The trusted source for
healthcare information and
HCWs want reliable, comfortable sharps
More practice, design changes needed
Reliability is the most important performance criteria for phlebotomy devices, but everything from patient care to comfort with the technique influences preferences of frontline users, according to a survey of health care workers by the Safety Institute of Premier Inc., an alliance of hospitals and health systems based in Oak Brook, IL.
It’s critical to determine the key features of a device before making a selection, says Gina Pugliese, RN, MS, vice president of the Premier’s Safety Institute. That criteria may differ according to the unit’s patient population — from neonates to geriatrics, for example — or type of procedure performed. "It’s not a simple issue. There are many considerations when you’re choosing a device."
In a study involving 878 health care workers at 30 hospitals, Pugliese asked users for comments on what could improve their comfort with safety devices. Some 27% said they felt the ease of use could be improved with design modifications. And while most health care workers reported activating the devices each time, 26% acknowledged not always activating the safety feature.
In all, the health care workers had evaluated more than 34,000 syringes and phlebotomy devices, including self-blunting, retractable, and shielding technologies. "Only the frontline workers can really give this information about whether they feel comfortable in using a device," says Pugliese. "It ends up being worker preference, which is exactly what OSHA [the Occupational Safety and Health Administration] requires."
Here are some of the findings based on the surveys:
• It’s often a matter of practice, not training.
More training isn’t what health care workers want when they begin using a new device. They simply want more practice — more time on the learning curve, the survey found. Sixteen percent of health care workers surveyed said they would feel more comfortable with more practice, while only 1% wanted more training.
It takes more time for health care workers to feel comfortable with phlebotomy devices than with syringes. Almost half (45%) of survey respondents said they felt comfortable with new safety-engineered syringes after just one use. By contrast, 30% of those surveyed said they needed to use the phlebotomy device five or more times before feeling comfortable with it. (A significant number never felt comfortable with a device — 14% for syringes and 17% for phlebotomy devices.)
The bottom line: Give it time when you’re conducting an evaluation. "Some of these technologies require a little more trial than others," adds Pugliese.
• Users have individual preferences.
A left-handed person will feel differently about a device than someone who is right-handed. Someone with small hands may prefer one device and someone with big, beefy hands may not like it.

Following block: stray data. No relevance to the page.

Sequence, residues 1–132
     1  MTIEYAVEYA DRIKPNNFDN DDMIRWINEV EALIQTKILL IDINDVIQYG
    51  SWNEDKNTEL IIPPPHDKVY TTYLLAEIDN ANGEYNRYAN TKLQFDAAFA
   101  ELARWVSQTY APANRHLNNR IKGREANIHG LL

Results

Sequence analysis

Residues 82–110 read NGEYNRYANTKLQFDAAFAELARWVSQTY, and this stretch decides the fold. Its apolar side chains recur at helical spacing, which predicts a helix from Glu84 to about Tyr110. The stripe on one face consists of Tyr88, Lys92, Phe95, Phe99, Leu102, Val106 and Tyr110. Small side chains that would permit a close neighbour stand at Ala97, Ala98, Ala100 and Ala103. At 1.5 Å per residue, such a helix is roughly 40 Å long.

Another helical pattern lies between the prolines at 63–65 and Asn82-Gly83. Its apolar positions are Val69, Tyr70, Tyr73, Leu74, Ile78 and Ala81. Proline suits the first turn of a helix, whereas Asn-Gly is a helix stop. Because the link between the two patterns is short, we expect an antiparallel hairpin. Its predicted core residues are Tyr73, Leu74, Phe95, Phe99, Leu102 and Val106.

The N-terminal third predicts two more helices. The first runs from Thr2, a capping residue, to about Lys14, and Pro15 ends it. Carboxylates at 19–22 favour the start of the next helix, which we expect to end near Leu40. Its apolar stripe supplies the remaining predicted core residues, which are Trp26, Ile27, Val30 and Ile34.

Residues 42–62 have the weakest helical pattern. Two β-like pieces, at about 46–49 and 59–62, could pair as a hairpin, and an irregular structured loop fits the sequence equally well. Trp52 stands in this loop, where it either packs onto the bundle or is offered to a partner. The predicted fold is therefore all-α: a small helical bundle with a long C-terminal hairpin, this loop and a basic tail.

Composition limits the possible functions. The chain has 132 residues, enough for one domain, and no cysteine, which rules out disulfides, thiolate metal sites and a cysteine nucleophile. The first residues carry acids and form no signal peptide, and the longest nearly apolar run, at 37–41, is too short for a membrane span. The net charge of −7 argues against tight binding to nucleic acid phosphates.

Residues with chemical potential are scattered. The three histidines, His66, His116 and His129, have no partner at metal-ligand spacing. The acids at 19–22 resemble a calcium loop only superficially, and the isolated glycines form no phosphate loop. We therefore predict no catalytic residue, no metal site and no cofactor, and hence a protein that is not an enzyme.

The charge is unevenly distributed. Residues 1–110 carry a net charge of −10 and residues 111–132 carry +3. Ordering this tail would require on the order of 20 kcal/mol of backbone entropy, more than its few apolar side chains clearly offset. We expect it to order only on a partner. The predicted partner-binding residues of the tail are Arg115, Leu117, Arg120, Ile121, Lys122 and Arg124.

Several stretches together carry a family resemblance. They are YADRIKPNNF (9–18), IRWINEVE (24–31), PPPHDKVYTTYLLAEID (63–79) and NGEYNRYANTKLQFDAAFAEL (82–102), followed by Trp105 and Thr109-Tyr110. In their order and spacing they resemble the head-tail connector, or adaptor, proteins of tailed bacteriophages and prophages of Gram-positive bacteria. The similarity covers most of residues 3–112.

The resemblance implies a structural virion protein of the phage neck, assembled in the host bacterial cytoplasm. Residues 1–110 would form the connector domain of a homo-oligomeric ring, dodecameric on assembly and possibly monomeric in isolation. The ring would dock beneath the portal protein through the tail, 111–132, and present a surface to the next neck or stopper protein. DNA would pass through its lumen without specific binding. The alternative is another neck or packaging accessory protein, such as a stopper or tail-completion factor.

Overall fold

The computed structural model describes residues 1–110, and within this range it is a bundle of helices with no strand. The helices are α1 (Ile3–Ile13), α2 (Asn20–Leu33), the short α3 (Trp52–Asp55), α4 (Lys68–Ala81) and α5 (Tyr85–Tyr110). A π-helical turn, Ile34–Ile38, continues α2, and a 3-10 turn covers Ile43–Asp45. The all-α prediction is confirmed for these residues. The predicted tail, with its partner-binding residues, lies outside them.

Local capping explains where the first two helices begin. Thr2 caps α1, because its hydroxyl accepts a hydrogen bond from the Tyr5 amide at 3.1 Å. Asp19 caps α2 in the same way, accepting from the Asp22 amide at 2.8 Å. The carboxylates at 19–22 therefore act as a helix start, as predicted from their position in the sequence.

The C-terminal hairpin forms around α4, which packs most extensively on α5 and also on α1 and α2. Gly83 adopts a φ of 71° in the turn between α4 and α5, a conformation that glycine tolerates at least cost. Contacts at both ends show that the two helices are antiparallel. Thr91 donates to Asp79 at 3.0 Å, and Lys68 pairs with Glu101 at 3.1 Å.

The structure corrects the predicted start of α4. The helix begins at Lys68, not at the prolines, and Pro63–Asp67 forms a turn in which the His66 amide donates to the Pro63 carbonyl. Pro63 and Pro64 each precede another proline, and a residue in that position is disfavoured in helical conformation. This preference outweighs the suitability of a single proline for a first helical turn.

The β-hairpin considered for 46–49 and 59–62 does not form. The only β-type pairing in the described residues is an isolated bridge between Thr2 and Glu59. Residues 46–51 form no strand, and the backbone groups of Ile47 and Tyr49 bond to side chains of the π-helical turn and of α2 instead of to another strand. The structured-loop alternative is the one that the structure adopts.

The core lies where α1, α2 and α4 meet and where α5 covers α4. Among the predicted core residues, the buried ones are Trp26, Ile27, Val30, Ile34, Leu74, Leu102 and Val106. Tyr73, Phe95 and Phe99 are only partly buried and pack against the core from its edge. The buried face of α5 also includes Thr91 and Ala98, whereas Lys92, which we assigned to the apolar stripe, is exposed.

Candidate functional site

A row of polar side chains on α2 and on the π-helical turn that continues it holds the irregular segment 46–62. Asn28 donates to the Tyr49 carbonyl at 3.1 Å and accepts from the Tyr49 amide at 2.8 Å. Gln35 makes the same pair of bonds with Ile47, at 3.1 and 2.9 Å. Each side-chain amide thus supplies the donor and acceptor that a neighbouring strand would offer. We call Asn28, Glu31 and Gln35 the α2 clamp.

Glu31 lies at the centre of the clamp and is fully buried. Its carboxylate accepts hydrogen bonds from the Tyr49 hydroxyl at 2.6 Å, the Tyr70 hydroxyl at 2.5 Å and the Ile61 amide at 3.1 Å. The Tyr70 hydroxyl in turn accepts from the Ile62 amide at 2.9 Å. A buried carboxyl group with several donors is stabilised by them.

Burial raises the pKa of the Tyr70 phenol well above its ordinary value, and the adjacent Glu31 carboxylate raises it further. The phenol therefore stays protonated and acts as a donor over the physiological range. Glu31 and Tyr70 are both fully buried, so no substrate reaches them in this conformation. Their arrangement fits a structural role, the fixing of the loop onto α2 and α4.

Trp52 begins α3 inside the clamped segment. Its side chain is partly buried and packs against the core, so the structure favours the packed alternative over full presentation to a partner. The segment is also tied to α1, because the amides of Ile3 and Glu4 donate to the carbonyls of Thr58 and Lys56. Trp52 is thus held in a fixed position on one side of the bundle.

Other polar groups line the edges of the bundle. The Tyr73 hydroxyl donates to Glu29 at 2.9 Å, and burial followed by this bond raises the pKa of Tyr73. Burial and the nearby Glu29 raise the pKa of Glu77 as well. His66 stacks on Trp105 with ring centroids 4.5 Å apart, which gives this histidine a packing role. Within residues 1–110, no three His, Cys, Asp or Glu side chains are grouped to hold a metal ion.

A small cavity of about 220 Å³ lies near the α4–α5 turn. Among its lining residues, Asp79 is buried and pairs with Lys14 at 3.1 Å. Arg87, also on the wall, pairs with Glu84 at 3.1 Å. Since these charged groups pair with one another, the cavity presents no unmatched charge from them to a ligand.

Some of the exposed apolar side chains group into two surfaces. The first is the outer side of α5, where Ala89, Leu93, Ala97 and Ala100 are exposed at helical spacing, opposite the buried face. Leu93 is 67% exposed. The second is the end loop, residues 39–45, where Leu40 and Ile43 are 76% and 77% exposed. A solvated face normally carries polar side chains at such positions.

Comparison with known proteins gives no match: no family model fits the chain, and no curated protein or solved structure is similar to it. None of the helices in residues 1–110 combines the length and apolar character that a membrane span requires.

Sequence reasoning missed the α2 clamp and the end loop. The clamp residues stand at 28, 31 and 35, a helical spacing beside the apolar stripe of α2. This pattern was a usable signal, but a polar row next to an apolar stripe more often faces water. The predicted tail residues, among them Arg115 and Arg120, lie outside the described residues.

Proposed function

"Some people may prefer devices that have an audible click," she says. "Some prefer devices that have some visual cue that it has been activated."
Patient comfort and device effectiveness are among the performance considerations identified for a safety device. The top performance consideration for syringes was the ability of the syringe to deliver an accurate dose of medication.
While an independent rating of devices may be useful, health care workers may prefer one that isn’t the top choice of reviewers. They must feel comfortable using it, and comfort is based on many variables, Pugliese says. That’s why frontline input is so essential, she notes.
"No single device can be considered the best’ or safest. Safety devices that fulfill a specific organization’s needs and preferences of the staff are the best devices for that facility." One device won’t work hospitalwide. Users in different units should have the ability to make choices that best fit their particular needs, Pugliese says.
• Make decisions based on data.
While there are some national databases that provide benchmark information on needlesticks (www.med.virginia.edu/medcntr/centers/epinet/benchmark01.pdf), your most useful data will come from your own facility.
Look at the circumstances behind needlesticks. If the safety device wasn’t activated, maybe you need to investigate how often they are activated and why health care workers might not activate them. If the needlestick came from an overfilled sharps container, you may need to look at the size, shape or location of containers.
Ask yourself, "Is there something in the data telling me to look at another device?" OSHA requires an annual review of new technology, and that is a good time to consider how successful your devices are in preventing needlesticks.
(Editor’s note: More information on the sharps safety device field evaluations study is available on Premier’s web site at www.premierinc.com/safety.)